Caladenia magnifica facts for kids
Quick facts for kidsMagnificent spider orchid
Caladenia magnifica, commonly known as the magnificent spider orchid is a species of orchid endemic to Victoria. It has a single leaf and one or two reddish crimson or yellow flowers streaked with crimson and with dark reddish tips. It has not been sighted since 1979 and is presumed to be extinct.
Caladenia magnifica is a terrestrial, perennial, deciduous, herb with an underground tuber and a single erect leaf, 100–150 mm (4–6 in) long and 15–20 mm (0.6–0.8 in) wide. One or two reddish crimson, or yellow flowers streaked with crimson, 70–100 mm (3–4 in) wide are borne on a stalk 200–300 mm (8–10 in) tall. The sepals and petals have long, dark reddish, thread-like tips. The dorsal sepal is erect, 70–100 mm (3–4 in) long and 3–4 mm (0.1–0.2 in) wide. The lateral sepals are 70–100 mm (3–4 in) long, 4–6 mm (0.16–0.24 in) wide and spreading with drooping ends. The petals are 60–80 mm (2–3 in) long and 2–4 mm (0.08–0.2 in) wide and arranged like the lateral sepals. The labellum is 18–22 mm (0.7–0.9 in) long, 16–18 mm (0.6–0.7 in) wide and dark reddish-purple. The tip of the labellum is curled under and the sides are turned up and have many purplish teeth up to 4 mm (0.2 in) long. There are four or six rows of reddish-purple calli up to 2 mm (0.08 in) long in the centre of the labellum. Flowering occurs from September to October.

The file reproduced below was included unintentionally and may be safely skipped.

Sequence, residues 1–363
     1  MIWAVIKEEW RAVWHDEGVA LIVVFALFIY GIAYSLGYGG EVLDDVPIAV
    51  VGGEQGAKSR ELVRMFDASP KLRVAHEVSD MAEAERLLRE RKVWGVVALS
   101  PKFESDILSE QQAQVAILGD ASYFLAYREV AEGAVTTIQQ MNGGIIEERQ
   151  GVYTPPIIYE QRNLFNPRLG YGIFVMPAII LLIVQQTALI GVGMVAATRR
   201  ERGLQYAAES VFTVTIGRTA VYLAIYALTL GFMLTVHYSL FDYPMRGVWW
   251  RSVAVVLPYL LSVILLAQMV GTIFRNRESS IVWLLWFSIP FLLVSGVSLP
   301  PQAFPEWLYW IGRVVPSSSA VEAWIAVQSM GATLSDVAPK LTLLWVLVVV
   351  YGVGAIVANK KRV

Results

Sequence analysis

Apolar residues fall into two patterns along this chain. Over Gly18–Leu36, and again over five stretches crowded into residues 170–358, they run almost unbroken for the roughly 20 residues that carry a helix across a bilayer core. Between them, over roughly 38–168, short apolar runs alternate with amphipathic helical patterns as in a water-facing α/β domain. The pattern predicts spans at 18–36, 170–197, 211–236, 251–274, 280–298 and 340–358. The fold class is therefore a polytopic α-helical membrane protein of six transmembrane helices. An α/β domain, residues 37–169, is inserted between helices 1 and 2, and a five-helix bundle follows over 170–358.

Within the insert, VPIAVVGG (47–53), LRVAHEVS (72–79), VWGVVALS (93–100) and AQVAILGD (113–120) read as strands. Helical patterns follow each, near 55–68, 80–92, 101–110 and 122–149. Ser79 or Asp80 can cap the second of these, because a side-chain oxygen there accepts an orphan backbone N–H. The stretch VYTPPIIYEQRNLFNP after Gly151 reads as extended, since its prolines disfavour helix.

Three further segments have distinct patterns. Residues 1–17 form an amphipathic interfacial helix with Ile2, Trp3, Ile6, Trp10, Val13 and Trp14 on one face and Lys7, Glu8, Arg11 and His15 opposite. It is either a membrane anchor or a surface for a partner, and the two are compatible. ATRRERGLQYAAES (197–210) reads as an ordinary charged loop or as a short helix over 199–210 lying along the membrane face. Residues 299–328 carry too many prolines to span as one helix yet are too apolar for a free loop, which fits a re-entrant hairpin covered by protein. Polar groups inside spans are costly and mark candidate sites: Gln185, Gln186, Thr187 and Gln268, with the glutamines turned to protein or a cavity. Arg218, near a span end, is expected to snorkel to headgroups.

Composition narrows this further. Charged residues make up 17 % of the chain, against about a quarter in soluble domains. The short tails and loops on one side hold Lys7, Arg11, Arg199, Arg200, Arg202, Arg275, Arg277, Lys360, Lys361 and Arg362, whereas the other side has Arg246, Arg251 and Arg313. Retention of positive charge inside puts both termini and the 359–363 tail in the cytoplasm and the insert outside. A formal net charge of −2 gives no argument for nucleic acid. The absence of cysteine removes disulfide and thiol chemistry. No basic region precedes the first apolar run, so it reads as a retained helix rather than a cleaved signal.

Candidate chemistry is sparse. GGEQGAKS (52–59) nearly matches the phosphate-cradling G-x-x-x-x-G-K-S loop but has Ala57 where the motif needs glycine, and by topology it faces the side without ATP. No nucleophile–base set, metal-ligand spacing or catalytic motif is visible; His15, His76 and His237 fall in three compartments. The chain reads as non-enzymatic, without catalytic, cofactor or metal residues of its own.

Taxonomy and naming
The magnificent spider orchid was first described in 1936 by William Nicholls and given the name Caladenia patersonii var. magnifica and the description was published in The Victorian Naturalist. In 1989 David Jones and Geoffrey Carr raised it to species status. The specific epithet (magnifica) is a Latin word meaning "noble", "eminent" or "splendid".
Distribution and habitat
The magnificent spider orchid occurs in the Clydesdale district near Guildford in central Victoria where it grows in open forest with a sparse understorey. It has not been seen since 1979 and is presumed to be extinct.
Caladenia magnifica is classified as "extinct" under the Victorian Government Flora and Fauna Guarantee Act 1988.
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